Britt asked a co-worker who knew Kepi -- the Ghoulies singer-songwriter, who was working at Valley at the time -- to pass along some samples of his work. Kepi agreed to let him try his hand at a flier. That was in 1995. A single, more fliers, T-shirts and candles followed. Combining computer graphics with hand drawings, britt fine-tuned the band's monster motif into a series of lighthearted drawings. By the time the band signed its deal with Lookout! (the Berkeley-based indie pop-punk label once home to Green Day) britt was well established as the Groovie Ghoulies' signature artist.
"There's a very fine line when you're dealing with monsters -- it could come off looking like a heavy metal record or looking too serious," explains Kepi by phone from the band's latest tour stop in Toledo, Ohio. "To me a record is the opposite of a book; you should be able to tell what you're in store for, and britt's done a good job capturing the Ghoulie essence."
Britt's work with the Ghoulies has served as a constant career and artistic launching point.
Before working with the band, britt says, he "didn't really know anything about computers." "If you look at the 'World Contact Day' up to 'Travels With My Amp,' you can see how they progress and how I've learned more with my computer and become more patient with my drawing," he says.
A collection of Groovie Ghoulie posters hanging in his cubicle at work led to britt's current job as the graphics designer for Valley Media Inc.'s various in-house and industry publications. Another poster hanging in another Ghoulies fan's cubicle at MacAddict magazine led to a gig designing a calendar for that publication's July issue.
In addition to the Ghoulies, britt's artwork can also be found on CDs for other regional bands. There's a collage of colorful dancing feet for the Decibels and a comical sketch of a bike-riding bear for the Punch the Clown cover. A series of retro-styled line drawings outfit the artwork for "And a Whole Lotta You!" by Berkeley's mod pop band the Hi-Fives.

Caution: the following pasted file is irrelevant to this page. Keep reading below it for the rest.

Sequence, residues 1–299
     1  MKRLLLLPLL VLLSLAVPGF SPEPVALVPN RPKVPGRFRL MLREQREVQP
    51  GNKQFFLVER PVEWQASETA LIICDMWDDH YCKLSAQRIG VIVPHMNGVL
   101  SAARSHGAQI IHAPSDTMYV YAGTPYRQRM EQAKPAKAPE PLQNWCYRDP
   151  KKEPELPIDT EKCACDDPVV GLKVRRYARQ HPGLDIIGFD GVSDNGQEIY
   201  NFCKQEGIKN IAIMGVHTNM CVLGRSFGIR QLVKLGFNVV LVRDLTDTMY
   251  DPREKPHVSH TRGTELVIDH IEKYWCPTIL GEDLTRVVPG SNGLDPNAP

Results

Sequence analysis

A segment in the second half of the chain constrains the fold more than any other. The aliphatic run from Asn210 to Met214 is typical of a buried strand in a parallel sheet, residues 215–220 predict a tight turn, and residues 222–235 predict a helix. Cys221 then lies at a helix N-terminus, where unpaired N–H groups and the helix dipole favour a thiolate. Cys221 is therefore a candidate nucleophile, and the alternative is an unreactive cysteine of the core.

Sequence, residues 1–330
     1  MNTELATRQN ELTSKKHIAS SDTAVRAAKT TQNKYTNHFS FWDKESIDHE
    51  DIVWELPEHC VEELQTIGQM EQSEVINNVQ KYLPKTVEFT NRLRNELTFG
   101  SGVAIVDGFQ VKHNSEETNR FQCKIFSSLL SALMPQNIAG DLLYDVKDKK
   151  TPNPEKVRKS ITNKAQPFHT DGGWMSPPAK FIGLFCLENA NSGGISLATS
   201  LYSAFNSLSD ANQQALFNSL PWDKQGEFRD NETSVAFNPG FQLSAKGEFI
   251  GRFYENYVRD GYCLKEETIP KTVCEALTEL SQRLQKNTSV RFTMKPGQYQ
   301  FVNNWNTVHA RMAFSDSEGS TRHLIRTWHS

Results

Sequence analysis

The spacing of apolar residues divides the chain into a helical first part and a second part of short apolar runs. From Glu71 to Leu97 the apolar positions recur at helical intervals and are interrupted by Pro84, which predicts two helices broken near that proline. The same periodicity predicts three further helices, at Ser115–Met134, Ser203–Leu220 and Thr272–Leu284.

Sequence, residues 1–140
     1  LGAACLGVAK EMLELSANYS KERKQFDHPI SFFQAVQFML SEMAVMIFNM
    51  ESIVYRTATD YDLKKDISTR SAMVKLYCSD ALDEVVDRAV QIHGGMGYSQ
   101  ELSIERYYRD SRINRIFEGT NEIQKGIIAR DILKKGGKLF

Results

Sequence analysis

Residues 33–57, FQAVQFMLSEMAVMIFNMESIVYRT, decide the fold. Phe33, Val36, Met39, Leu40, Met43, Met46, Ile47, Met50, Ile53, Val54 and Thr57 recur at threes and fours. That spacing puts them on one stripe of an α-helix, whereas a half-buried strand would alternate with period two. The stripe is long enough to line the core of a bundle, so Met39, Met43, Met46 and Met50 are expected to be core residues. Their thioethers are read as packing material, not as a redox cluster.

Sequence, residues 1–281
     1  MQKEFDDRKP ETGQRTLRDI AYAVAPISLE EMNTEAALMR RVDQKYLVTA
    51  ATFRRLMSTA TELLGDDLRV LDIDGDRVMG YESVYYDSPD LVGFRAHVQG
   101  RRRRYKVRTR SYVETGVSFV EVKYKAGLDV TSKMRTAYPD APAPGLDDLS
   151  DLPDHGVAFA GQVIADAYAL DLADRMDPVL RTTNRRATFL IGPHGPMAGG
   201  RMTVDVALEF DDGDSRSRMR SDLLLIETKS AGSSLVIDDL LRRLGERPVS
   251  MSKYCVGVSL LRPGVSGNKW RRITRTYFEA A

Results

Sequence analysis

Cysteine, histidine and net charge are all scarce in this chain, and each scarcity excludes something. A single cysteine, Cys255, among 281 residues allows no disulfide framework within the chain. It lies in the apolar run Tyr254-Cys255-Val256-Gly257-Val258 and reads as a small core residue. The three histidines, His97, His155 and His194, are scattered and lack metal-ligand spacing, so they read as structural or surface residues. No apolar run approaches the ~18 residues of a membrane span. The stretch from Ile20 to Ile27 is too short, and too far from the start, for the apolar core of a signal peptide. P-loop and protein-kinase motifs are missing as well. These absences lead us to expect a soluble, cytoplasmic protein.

Lucrative as the offers may be, however, britt is unafraid to turn down work if the artistic designs don't mesh with his own creative vision. Over the years he's turned down offers for comic book work ("I don't think I want to do the same character over and over again") as well as CD work featuring racy, suggestive images.
Recently, the artist, who says his biggest dream is to one day publish a children's book, turned down an offer to illustrate a story because its myriad New Age themes would exclude children of other cultures and faiths.
"I don't want to set different religions aside," britt says. "Even if it were like a holiday-type book, because then certain kids wouldn't be able to read it or it wouldn't be accessible to them."
Britt's own Buddhist faith is a strong influence in his work. If art wasn't his career, he says, he would probably want to travel or study Zen Buddhism in a monastery.
In addition to children's books, britt is also developing his own Web site (www.sbritt.com) where fans will be able to find -- and purchase -- prints, postcards, T-shirts and clothes with original, exclusive artwork.
The goal, britt says, is not fame. If anything, he's content to place his work alongside all the artists, many whose names are long forgotten, that inspired him as a child.
"My art is simple and that's the kind of artwork I liked growing up," he says. "I'm always trying to please the kid inside of me and make that kid happy with what I used to like."